Thursday, December 15, 2016
This is a such a sad time in my life. The last month has been impossible to describe. A brief timeline shows my two sisters (Cathy, Nancy and I) taking a 7-day cruise to the Caribbean with our dad (88-years old). He had a slight cold, but was still able to dance the jitterbug with me to a merry, two-piece band. Shore excursions left us all tired and weary, but we loved meeting new friends and learning new things, as in the past. The meals were very good, but Dad ate little—oh, except for the molten chocolate cake! His favorite. On the drive home from Charleston (to Wilmington) Dad was very quiet. We would learn he slept at home the better of the next two days.
When my brother, Steve, and Birdie (his caretaker) took him to the doctor on the third day, he was sicker than we knew. Admitted to the hospital with heavy antibiotics, he was discovered to have pneumonia (pneumococcal) and MRSA. He stayed there seven days (Thanksgiving week) while Russell, Nancy and I visited him morning, noon and night. He was then transported to Davis Rehab in Porter’s Neck. His health further declined as he continued to lose weight and refused medicine and food—I doubt he even knew what they were. Delirium set in both at the hospital and at rehab. With a history of dementia and emphysema, it did not look good.
We waited. We prayed. We waited. We prayed. Our dear friend, Carole, played harp to ease Dad’s transition into Heaven that final day. I believe the angels were at the head of the bed, the foot of the bed and the side of the bed—perhaps filling the entire room! Jesus stood back, gently waiting. Carole’s final piece was “Silent Night.” Silent night, holy night, all is well, all is bright. By all signs, he appeared not quite ready to go—and then, it happened. His best friend of thirty plus years, Manny (and his wife, Patsy) had driven an hour to see him. As they made their way down the long hall with Russell and I by their side, Dad gently slipped away.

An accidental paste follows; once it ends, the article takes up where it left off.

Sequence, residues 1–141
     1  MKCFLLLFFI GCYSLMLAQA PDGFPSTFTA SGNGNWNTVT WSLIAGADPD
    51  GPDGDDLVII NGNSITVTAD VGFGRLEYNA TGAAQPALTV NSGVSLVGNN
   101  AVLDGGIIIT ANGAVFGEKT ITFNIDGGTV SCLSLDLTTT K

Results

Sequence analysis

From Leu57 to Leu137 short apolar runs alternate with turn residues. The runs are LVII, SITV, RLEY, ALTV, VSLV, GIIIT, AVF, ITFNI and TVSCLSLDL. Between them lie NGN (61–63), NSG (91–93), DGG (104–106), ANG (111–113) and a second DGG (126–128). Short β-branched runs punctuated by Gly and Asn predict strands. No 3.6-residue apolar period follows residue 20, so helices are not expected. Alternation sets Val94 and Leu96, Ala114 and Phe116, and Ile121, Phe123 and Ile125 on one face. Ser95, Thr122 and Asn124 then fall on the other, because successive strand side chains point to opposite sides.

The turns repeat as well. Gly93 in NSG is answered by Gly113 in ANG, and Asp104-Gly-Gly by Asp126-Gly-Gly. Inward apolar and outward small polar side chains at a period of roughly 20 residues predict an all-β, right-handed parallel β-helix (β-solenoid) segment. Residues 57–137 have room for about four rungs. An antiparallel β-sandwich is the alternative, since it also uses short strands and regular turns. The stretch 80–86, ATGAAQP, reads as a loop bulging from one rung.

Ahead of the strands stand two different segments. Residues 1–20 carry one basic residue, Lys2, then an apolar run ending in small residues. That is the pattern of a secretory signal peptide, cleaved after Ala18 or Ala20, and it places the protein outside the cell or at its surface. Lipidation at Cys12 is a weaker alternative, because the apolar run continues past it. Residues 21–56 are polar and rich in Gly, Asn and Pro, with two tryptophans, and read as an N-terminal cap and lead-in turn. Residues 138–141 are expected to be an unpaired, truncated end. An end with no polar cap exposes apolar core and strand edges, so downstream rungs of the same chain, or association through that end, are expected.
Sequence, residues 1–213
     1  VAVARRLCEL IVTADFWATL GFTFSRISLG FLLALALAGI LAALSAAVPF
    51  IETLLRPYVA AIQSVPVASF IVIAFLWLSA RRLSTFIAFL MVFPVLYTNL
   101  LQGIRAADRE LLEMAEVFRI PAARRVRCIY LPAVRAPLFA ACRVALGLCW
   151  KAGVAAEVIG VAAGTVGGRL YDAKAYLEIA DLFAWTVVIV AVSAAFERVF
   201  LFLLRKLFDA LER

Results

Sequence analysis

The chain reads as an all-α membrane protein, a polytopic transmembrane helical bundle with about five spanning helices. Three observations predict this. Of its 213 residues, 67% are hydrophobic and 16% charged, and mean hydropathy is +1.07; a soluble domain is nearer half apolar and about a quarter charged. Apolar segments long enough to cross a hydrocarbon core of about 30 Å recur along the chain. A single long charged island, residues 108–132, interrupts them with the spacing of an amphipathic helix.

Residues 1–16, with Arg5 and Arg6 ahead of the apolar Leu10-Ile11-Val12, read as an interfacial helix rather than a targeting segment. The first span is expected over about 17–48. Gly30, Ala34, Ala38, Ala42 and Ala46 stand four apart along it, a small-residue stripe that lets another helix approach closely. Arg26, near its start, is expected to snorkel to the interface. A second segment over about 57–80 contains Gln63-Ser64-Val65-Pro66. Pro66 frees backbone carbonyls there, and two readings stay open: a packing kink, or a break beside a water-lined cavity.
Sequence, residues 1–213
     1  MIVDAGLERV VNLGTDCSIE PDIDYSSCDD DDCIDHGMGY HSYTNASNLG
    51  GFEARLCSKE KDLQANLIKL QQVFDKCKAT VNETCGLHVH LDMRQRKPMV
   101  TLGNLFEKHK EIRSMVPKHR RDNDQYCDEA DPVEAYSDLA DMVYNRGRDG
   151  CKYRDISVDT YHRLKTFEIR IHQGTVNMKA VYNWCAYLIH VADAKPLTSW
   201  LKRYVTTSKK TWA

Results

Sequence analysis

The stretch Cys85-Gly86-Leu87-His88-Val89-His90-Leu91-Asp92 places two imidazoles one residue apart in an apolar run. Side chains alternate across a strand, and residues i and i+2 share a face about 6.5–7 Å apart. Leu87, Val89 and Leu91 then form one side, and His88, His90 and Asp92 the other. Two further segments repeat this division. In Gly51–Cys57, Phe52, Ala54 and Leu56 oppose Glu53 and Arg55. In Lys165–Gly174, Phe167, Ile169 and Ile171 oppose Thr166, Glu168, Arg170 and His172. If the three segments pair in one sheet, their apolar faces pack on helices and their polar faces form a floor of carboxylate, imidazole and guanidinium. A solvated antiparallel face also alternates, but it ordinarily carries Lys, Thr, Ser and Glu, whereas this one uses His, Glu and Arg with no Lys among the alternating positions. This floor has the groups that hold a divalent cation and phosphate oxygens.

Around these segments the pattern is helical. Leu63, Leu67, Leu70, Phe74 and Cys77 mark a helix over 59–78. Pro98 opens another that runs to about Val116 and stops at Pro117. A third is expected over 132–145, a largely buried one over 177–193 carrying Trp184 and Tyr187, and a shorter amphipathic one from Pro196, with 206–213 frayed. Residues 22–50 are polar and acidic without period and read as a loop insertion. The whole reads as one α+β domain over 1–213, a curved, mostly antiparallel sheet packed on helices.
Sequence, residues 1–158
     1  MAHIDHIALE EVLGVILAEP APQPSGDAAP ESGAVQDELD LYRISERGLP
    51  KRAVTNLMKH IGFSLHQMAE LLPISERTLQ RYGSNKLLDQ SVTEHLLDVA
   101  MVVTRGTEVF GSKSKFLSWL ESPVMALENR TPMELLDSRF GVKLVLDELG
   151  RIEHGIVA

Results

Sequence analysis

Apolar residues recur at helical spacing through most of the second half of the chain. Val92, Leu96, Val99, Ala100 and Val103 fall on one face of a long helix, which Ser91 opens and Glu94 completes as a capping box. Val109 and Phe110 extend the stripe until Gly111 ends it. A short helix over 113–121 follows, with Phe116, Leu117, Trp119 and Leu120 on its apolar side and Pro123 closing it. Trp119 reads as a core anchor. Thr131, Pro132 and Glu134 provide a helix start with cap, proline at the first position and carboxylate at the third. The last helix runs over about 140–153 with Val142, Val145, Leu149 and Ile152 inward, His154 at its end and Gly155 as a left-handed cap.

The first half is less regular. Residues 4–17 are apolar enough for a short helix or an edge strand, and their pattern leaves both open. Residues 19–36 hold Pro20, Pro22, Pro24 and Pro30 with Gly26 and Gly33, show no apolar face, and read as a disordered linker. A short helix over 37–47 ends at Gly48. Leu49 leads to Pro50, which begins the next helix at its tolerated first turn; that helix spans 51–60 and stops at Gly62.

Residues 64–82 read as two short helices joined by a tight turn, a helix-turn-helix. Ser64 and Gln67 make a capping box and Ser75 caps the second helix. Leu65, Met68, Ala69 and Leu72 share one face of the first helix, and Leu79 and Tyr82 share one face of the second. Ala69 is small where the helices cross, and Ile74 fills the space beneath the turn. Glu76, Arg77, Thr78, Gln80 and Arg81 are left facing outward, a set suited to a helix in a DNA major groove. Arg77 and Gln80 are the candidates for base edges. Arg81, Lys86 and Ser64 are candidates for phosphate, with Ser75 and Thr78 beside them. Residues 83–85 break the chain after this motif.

Manny and Patsy were there within seconds of the great transition. And our family let out a collective (if private) “Amen.” We cried. We reminisced. We cried. We reminisced. I thought, It is well with our souls. With Daddy’s soul. With all of the Morris’ souls. Amen.
Thank you, Lord, for giving me the best father a girl could ever hope for! We didn’t always see eye-to-eye, but later in life, we discovered we were more alike than different, Daddy gave me the foundation for a good, solid, responsible life. He believed in working hard, having pride in what you do, taking care of the things you owned, playing and having fun, being generous to a fault, and loving everyone—especially and unequivocally, family.
God rest your soul until we meet again. I love you, Daddy. I always have. I always will.